While returning to the Enterprise aboard the shuttlecraft, Kirk, Spock, McCoy and a seriously ill Federation diplomat find themselves kidnapped by an energized cloud.



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The Enterprise shuttlecraft, carrying Kirk, Spock, Dr. McCoy and critically ill Federation Ambassador Nancy Hedford, encounters a mysterious energy cloud which pulls them down to planet Gamma Canaris N. There they meet a castaway, a young man who purports to be Zefram Cochrane, inventor of the Warp Drive over 100 years ago. In history he had lived to be 80 years of age before disappearing somewhere in space. Apparently the same energy cloud which brought the shuttlecraft to the planet also found and rejuvenated Cochrane, making him effectively immortal. Unless Kirk can get themselves released soon, the ambassador, without vital medical treatment, will die. Written by Clive Wilson

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Release Date:

10 November 1967 (USA)  »

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Aspect Ratio:

1.33 : 1
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Did You Know?


Elizabeth Rogers, uncredited for some reason for her voice work as the Companion, returned to the series two times as communications officer Lt. Palmer. See more »


Just after the first time that Kirk uses the universal translator to speak with The Companion, Kirk, Spock, and McCoy turn to walk into Cochrane's shelter, which they were standing less than 10 feet away from, while Cochrane is at least 50 yards away. When the shot switches to the interior, Kirk, Spock, and McCoy are seen coming through the entry door, immediately followed by Cochrane, even though Cochrane would have been 30-45 seconds away at normal walking speed. See more »


Mr. Spock: [checking the crashed shuttlecraft for malfunctions] Unusual... unlikely... in fact, Captain, I would say quite impossible.
Captain James T. Kirk: Nothing wrong, but nothing works.
Mr. Spock: Precisely.
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Referenced in Star Trek: First Contact (1996) See more »

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User Reviews

Misinterpretation of affections.
18 June 2009 | by (The San Francisco Bay Area) – See all my reviews

This episode, for some reason, weighs on my mind. For whatever reason, I'm reminded of some cliché love stories depicting the masculine leader of some private firm with a dedicated secretary who secretly has a crush on him, or the captain of the football team or cheerleader who similarly has a secret admirer. There's a difference in social class, whatever it may be, and hence a misinterpretation by the object of affection when presented with friendly interaction by the second party.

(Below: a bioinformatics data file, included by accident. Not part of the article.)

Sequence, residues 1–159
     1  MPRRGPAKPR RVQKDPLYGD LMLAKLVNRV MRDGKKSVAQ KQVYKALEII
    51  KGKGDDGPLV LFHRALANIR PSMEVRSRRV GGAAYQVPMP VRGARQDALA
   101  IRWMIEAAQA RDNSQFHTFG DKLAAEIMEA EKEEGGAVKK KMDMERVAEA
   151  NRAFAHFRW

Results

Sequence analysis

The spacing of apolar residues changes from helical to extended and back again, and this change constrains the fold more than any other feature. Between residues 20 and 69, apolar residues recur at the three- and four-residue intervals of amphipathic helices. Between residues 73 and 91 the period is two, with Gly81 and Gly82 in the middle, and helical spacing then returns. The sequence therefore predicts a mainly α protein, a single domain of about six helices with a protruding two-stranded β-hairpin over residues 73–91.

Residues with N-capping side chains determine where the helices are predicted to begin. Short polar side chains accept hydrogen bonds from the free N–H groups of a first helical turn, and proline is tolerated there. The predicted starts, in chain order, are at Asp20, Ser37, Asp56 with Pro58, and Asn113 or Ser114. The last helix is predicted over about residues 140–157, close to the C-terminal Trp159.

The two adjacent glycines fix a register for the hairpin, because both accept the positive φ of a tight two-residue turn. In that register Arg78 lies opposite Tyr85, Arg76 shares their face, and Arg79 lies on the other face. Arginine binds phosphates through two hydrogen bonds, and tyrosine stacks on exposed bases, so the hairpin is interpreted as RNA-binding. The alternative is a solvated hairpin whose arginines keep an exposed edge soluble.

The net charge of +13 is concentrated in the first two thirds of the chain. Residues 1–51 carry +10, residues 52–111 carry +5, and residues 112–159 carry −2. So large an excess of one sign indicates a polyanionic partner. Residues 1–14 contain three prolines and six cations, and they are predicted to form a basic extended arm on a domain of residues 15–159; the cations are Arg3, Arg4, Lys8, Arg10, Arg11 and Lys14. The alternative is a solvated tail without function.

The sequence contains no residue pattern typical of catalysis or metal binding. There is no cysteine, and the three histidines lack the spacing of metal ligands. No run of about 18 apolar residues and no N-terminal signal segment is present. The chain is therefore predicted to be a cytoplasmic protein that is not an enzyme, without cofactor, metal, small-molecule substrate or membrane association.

That story is presented here, but given the ending that I think most lonely hearts who've been the third wheel in a love triangle have and will always desire. It's the favorable scenario that hearts of both colors, good and ill, hope to achieve for polar opposite reasons. The good heart wants love and affection for the sake of it, and to be happy and content. The bad heart usually has some ulterior motive, usually material gain.

The same suspicion is briefly presented, but we the audience are shown the misinterpretation on both counts. Kirk, Spock and McCoy try to apply Star Fleet know how to put themselves back on track, but, to paraphrase Edward Devere; "Hell hath no fury like a woman's scorn..." Their efforts are for naught.

The truth of why they're there is revealed early on in the story, but the real truth becomes manifest later on, and it's not one that we as the audience, nor Captain Kirk, disagree with.

There are two action sequences, and some usual sci-fi mystery a-la Classic Trek, but once these are set aside (or ever so briefly injected into the plot) the real story is made manifest. We're given the gamut of emotions. From gratitude, to shock, to disgust, acceptance, and all shades of gray in between.

The physical barrier that separate the two primary focuses are analogous for a variety of social rifts. The rich girl who falls for the bad boy who grew up on the other side of the tracks, or the country girl falling for the city kid, and any other iteration of a Romeo and Juliet theme you'd like to transplant.

There's an even deeper story being told here as well. The purported inventor of Warp Drive wants off this world, and vicariously through Kirk and crew, intellect is applied to a dilemma of two hearts. This is where the second action sequence comes in. Through this the one true solution is found. The one solution that works and actually resolves one major problem for the Enterprise's commanding officer, and his department heads.

In this way it's actually a very reassuring story. For with all the strife between the various antagonists of the Star Trek universe, Klingons, Romulans, sundry super-powerful beings and violent primitive cultures in need of quarantine, not to mention the occasional starship captain gone bad or high-tech device gone haywire, there is a spot on some far off secluded and inviting world for two people to spend time with one another, and be happy.

I don't know that it would make a good date episode, particularly for younger generations, but, if you're a classic Star Trek fan, and have a person of whom you are fond, then this might be an interesting diversion for an hour or so.


4 of 5 people found this review helpful.  Was this review helpful to you?

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